For those of us trying to rebuild a radical anti-capitalist movement, the reorganization of the world economy and the accompanying changes in how women are exploited and controlled have fundamental significance. Because as a result of this transformation, the core of the working class—capitalism’s historical enemy—is also being transformed. This reconfigured working class, with women at its heart, will be the ultimate source of new waves of resistance and revolution. It will spawn new labor movements, new cultures, new parties, new insurgencies, new armies. We are at a major historical turning point, full of promise.

— Exodus and Reconstruction: Working-Class Women at the Heart of Globalization

(via omniscienttrees)

Bilateral deal allowing US troops to stay in Afghanistan set to be signed in Kabul   →

So why did the Americans want Ashraf Ghani in the Presidency?

Agence France-Presse reported that the Afghan government remains committed but that a senior minister would instead carry out the formal signing of the agreement. “The BSA will be signed tomorrow, not by the president but by a senior minister,” Daoud Sultanzoy, a senior aide of Ghani’s, told AFP.

The last-minute uncertainty comes after a more than a year of wrangling with former president Hamid Karzai, who refused to sign the BSA at all while in office, but may reflect diplomatic protocol, rather than significant disagreements with Ghani, who has stressed his support for an ongoing US troop presence throughout a fraught electoral process.

State Department officials have expressed hope that Ghani may still also sign the agreement at a later date, perhaps during a trip the US, and hinted that the lack of a senior American counterpart in Kabul such as secretary of state John Kerry was the reason for delegating responsibility.

Fraud and Folly in Afghanistan   →

The runoff round of the Afghan presidential election on June 14 was massively rigged, and the ensuing election audit was “unsatisfactory,” a result of Afghan government-orchestrated fraud on a scale exceeding 2 million fake votes, completely subverting the will of the Afghan people. That is the watered-down conclusion of the press release of the European Union’s yet-to-be-released report detailing its thorough and non-partisan investigation of the entire Afghan election. The report was completed last week, according to sources in Kabul who have seen it, but political pressure has so far resulted in heavy redaction and kept it from public release.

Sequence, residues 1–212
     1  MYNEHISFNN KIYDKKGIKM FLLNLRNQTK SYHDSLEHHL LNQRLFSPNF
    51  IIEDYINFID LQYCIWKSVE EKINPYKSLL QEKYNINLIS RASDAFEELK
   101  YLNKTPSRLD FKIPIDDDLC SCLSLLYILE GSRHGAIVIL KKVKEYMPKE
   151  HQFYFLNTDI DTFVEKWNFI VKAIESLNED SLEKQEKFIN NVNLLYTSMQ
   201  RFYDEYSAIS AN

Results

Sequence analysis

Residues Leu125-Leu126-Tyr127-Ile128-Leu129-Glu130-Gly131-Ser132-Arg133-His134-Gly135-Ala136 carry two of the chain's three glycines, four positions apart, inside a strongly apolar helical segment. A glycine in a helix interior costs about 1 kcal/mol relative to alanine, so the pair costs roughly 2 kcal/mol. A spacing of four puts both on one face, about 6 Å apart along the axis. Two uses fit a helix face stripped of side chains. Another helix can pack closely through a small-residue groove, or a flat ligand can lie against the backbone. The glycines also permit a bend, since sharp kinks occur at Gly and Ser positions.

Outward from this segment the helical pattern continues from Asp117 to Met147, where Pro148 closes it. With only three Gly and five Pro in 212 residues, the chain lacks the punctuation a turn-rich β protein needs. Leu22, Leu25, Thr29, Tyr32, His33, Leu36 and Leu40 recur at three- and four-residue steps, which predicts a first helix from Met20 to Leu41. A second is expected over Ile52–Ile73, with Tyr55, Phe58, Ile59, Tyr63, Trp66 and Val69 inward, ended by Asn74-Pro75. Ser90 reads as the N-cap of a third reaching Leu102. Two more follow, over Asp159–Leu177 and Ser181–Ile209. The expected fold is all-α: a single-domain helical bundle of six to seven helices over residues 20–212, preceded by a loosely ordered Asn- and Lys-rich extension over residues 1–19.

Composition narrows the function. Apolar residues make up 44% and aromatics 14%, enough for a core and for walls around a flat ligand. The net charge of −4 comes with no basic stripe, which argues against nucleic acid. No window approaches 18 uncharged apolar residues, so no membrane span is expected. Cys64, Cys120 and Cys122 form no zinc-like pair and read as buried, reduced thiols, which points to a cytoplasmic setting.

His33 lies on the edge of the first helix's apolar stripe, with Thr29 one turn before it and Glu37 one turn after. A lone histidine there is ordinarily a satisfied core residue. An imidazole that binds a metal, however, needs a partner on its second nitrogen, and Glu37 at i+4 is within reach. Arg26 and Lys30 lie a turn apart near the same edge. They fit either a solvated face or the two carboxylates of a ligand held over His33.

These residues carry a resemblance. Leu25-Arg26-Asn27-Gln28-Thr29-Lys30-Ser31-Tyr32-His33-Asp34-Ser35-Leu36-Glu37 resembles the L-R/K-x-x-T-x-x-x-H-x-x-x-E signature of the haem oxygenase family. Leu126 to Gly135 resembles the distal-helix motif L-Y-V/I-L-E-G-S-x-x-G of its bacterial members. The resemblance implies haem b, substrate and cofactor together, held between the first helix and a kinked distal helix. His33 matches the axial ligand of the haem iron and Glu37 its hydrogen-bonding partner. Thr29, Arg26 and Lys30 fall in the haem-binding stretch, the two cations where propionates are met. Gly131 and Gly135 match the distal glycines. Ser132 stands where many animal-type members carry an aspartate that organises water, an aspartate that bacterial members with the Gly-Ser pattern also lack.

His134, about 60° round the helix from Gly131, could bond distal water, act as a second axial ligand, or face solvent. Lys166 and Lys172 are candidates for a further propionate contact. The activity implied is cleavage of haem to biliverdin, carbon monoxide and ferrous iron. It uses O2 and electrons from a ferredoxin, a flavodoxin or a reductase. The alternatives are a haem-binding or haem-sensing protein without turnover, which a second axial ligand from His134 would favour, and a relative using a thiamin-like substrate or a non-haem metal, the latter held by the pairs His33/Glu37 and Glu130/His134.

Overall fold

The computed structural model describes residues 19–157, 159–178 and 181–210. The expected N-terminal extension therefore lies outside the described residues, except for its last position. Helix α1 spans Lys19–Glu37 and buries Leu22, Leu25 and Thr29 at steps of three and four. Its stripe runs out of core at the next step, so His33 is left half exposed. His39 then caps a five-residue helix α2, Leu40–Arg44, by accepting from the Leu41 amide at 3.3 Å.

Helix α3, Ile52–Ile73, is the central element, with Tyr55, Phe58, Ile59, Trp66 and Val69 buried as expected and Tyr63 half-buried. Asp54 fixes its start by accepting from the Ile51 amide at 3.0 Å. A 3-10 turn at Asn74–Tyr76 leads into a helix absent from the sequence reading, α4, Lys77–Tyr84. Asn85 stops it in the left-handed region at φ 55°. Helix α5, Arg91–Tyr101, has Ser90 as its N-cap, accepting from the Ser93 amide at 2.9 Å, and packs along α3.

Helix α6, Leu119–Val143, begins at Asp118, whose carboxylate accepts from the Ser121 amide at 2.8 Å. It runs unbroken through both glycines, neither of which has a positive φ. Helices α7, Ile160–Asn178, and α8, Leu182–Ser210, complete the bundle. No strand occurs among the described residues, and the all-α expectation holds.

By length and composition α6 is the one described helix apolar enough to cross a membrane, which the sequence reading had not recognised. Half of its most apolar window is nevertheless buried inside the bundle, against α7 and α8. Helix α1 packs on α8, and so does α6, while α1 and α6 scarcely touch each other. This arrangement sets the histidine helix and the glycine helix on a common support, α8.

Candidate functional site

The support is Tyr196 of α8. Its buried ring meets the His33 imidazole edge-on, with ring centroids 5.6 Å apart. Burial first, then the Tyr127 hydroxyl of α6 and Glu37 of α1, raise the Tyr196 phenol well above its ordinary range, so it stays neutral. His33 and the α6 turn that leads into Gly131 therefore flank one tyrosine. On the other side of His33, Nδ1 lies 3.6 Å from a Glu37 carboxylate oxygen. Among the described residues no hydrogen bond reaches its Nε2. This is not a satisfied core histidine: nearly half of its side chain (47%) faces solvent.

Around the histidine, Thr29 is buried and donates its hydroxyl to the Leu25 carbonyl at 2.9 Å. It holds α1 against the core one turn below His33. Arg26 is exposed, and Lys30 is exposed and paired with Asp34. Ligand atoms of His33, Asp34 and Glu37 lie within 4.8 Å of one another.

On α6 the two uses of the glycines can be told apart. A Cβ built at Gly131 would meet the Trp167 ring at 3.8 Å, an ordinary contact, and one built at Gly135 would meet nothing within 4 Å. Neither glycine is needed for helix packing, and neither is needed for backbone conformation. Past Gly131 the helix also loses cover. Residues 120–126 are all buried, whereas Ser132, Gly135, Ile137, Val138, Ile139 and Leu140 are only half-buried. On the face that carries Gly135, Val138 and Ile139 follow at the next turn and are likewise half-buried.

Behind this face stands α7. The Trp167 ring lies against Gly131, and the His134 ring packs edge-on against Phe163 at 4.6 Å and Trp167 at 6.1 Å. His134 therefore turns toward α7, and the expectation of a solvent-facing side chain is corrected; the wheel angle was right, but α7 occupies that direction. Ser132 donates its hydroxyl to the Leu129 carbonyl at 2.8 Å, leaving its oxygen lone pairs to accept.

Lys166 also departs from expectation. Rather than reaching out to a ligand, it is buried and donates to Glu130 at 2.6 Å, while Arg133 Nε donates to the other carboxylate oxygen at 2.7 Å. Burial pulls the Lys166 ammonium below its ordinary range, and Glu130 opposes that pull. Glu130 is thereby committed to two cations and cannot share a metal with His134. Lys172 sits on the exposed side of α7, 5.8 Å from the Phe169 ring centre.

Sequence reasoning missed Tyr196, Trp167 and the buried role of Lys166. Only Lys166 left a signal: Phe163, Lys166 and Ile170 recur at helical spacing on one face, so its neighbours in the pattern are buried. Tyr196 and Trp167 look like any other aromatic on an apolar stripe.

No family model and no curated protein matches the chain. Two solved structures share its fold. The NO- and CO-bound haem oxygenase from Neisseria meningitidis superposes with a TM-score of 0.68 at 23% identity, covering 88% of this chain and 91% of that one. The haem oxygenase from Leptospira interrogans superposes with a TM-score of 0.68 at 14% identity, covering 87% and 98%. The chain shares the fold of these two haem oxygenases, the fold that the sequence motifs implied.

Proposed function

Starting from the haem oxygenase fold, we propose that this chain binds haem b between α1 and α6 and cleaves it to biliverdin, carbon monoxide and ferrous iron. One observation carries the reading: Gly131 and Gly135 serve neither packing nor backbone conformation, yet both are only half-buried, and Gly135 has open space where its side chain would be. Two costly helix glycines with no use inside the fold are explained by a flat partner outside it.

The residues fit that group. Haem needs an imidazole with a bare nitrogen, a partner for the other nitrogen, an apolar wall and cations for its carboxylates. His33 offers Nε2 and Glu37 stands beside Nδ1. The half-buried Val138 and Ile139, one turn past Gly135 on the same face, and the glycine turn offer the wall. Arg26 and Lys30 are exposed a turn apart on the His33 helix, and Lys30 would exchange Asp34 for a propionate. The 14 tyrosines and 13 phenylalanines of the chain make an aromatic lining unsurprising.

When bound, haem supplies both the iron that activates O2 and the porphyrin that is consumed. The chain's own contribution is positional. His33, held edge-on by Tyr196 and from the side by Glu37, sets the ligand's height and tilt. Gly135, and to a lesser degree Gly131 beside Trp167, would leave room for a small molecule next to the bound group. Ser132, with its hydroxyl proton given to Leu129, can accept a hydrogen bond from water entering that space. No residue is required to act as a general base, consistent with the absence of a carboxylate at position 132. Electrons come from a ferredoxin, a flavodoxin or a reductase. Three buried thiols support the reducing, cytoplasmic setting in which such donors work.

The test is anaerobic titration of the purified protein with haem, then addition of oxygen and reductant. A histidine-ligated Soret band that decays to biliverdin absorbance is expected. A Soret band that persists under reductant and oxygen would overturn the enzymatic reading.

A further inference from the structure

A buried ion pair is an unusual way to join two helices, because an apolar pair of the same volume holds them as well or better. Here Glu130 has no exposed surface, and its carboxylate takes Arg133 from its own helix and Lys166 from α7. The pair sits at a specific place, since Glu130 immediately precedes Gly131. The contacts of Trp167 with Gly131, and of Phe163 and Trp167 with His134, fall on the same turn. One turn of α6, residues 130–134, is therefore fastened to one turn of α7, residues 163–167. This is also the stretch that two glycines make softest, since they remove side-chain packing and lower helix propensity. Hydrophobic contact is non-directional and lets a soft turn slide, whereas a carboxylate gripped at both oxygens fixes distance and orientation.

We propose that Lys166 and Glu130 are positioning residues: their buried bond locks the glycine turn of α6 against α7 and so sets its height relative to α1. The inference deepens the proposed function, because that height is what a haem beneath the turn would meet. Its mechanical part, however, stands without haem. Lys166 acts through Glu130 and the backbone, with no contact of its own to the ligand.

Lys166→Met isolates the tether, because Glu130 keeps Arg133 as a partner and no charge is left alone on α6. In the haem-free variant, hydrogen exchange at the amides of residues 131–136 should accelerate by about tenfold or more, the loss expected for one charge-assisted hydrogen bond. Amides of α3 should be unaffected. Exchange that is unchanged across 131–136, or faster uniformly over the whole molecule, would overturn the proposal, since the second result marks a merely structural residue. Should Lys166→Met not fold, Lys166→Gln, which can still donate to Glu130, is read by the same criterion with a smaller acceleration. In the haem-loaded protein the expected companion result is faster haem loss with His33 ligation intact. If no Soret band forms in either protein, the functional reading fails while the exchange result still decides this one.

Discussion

The key point is this: Ashraf Ghani did not win the election. The U.S. Naval Research Laboratory (NRL) concluded in July that it was mathematically impossible for Ghani to win, given Afghan demographics and the initial 46 percent to 32 percent first-round vote spread, according to a U.S. government source familiar with the analysis. According to the source who reviewed the private report, the top experts in statistical analysis in the United States used every known computer model of election balloting and concluded that a Ghani victory was scientifically impossible. In simple terms, there is no mathematical doubt that Abdullah Abdullah won.

The fraud perpetrated on the Afghan people this time was on an epic scale. In 2009, Abdullah bowed out of a runoff election against outgoing President Hamid Karzai after a heavily rigged first round, with the explicit promise he would be given a fair chance to win in 2014. During the 2014 campaign, he barely escaped assassination. It was not the Taliban who tried to kill him; there was no customary claim of responsibility by any anti-government group.

On the night of June 14, 2014, after all polling places had closed, European Union observers estimated that no more than 6 million Afghans had voted. Within hours, Karzai’s handpicked Independent Election Commission (IEC) officials jumped the number to 8 million votes, adding more than 2 million votes to that total — all of them for Ghani. (Two million just happens to be, by sheer coincidence, the number of votes required to overcome a purely ethnic voting split in the outcome given a 30 percent turnout.) The European Union report notes that “the audit procedures … have been at times inconsistently and hastily applied under high political pressure.” Caught on audiotapes conspiring to stuff ballot boxes across the south of the country, the head of the IEC, Zia-ul-Haq Amarkhil, soon resigned. Ghani originally claimed he had never met with Amarkhil, but Abdullah’s campaign announced it had a video of Ghani and Amarkhil meeting at a house in Kabul owned by a Ghani supporter, according to sources with access to the video. The Afghan people, for their part, are more disillusioned than ever with the notion of democracy.